Quality Gurus: Deming, Juran, Feigenbaum, Ishikawa

Introduction

The quality gurus their approaches described and considered is a highly illuminating article by Bendell, Penson and Carr that underscores the value of quality. The increasing customer demands have pushed suppliers to improve the quality of their goods and services to ensure survival in the highly dynamic business environment. In addition, the removal of trade barriers has also facilitated increased competition, which necessitates companies to improve the quality of their products. One of the foremost quality gurus in the U.S. states that quality is a highly critical element in business. Quality is significant because it determines business success both locally and globally. This article discusses various quality gurus and the impact that their inventions have had in the market.

Body of the text

Edwards Deming is among the most renowned quality gurus in the world. Deming made noteworthy contributions in routine clerical functions and statistical techniques. Besides, he encouraged company executives to invest in better tools for improving quality. When he moved to Japan, he introduced a methodical technique to problem solving called PDCA (plan, do, check, action). Deming later focused on improving management, where he is mainly recognised for his illustrious 14 points for management. The points are essential because they emphasise the need for continuously improving production and service functions. Deming also provided a seven-point action plan to facilitate successful implementation of the 14 points.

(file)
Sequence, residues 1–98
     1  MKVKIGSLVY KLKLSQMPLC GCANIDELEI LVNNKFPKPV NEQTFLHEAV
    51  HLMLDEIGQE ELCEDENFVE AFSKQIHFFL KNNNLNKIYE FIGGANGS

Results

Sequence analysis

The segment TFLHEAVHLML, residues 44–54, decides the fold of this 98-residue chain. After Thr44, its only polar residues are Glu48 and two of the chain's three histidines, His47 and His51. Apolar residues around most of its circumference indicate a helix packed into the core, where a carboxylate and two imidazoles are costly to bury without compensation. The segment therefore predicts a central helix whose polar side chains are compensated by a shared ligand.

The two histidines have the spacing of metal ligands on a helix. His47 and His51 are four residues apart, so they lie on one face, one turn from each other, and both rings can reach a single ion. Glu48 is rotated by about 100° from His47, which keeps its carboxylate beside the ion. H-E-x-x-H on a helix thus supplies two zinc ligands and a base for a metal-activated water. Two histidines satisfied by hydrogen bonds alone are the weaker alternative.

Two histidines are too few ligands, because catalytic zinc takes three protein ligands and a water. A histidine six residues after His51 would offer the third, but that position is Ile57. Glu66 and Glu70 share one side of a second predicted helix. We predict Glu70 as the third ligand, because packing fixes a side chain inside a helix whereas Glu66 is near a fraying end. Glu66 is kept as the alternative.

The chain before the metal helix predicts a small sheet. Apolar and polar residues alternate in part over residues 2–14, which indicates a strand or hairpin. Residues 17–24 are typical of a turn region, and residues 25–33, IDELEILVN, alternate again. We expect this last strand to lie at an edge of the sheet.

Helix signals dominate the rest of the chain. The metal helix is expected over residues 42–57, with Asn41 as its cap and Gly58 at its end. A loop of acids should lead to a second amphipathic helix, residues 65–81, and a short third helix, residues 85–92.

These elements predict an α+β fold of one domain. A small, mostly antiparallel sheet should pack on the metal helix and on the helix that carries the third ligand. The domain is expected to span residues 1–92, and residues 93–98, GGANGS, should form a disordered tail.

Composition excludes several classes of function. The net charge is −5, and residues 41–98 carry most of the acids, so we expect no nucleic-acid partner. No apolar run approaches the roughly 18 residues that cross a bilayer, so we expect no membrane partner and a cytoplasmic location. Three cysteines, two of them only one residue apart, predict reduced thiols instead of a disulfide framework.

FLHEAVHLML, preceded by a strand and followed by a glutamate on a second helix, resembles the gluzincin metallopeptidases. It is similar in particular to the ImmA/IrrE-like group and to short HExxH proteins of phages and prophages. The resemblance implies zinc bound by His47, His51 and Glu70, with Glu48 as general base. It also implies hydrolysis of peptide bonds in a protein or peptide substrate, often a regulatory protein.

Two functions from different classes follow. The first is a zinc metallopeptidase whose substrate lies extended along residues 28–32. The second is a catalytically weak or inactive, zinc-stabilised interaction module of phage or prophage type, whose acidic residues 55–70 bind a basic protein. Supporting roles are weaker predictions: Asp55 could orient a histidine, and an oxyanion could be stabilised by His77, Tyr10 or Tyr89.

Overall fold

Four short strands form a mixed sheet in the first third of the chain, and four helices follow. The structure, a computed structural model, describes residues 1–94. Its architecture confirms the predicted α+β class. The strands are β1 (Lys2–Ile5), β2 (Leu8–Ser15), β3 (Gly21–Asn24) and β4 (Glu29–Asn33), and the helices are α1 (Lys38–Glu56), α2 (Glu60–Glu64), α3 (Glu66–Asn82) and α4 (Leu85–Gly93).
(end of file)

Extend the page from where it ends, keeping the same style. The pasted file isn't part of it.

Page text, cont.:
Dr. Joseph Juran also had the opportunity to work in Japan. He concentrated on wide-ranging aspects of quality such as goal setting, organisation, planning and the role of management in quality improvement. Juran believed that managers should treat quality control as an essential aspect of management control. Through his works, managers realised that they could make significant cost savings by improving the quality of their products. Indeed, his work enabled managers to appreciate that the external failure costs were far much higher than the internal failure costs. Juran strongly believed that managers should plan for quality because it should not occur accidentally. He formulated a quality trilogy that focused on planning, controlling and improving the quality of products.

Dr. Armand Feigenbaum is also a leading quality guru who helped invent the total quality control concept. This concept not only focuses on administrative functions, but also includes sales, customer specification, assembly, controls, engineering, design and delivery. According to him, a total quality system refers to a comprehensively documented operating work plan implemented in all parts of the company with the aim of guiding peoples’ actions. The system also aims to guarantee customer satisfaction through production of high quality and cost effective products. Feigenbaum also created ten vital benchmarks that aim to ensure customer satisfaction.

Dr. Ishikawa is one of the most recognised Japanese quality gurus. People mainly recognise him because of the fishbone diagram. He emphasised that open group communication is vital when designing such diagrams. He also played a vital role of adapting technical methods and making them available to the different departments of the organisation. Specifically, he promoted the use of the seven tools of quality control. The seven tools include stratification, pareto charts, check sheets and scatter diagrams. Others include histograms, Shewart’s control graphs and fishbone diagrams. Other remarkable Japanese quality gurus are Shigeo Shingo and Dr. Genichi Taguchi.

Their ideas played an influential role in the post-war recovery in Japan. The West has adopted most of their ideas to ensure improved customer satisfaction.